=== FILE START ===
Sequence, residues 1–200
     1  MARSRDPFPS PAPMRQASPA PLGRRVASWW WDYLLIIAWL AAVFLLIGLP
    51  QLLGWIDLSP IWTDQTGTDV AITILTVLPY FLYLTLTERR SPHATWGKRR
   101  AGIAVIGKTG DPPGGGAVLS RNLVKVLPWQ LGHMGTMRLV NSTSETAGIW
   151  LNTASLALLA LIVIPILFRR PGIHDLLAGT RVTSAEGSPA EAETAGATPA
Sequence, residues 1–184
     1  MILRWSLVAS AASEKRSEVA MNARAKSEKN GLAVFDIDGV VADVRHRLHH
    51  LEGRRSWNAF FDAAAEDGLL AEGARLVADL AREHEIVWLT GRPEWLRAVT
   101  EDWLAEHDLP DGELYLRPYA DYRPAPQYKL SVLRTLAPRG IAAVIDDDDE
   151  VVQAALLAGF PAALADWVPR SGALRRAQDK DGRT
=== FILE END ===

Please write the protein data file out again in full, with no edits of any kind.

Sequence, residues 1–200
     1  MARSRDPFPS PAPMRQASPA PLGRRVASWW WDYLLIIAWL AAVFLLIGLP
    51  QLLGWIDLSP IWTDQTGTDV AITILTVLPY FLYLTLTERR SPHATWGKRR
   101  AGIAVIGKTG DPPGGGAVLS RNLVKVLPWQ LGHMGTMRLV NSTSETAGIW
   151  LNTASLALLA LIVIPILFRR PGIHDLLAGT RVTSAEGSPA EAETAGATPA
Sequence, residues 1–184
     1  MILRWSLVAS AASEKRSEVA MNARAKSEKN GLAVFDIDGV VADVRHRLHH
    51  LEGRRSWNAF FDAAAEDGLL AEGARLVADL AREHEIVWLT GRPEWLRAVT
   101  EDWLAEHDLP DGELYLRPYA DYRPAPQYKL SVLRTLAPRG IAAVIDDDDE
   151  VVQAALLAGF PAALADWVPR SGALRRAQDK DGRT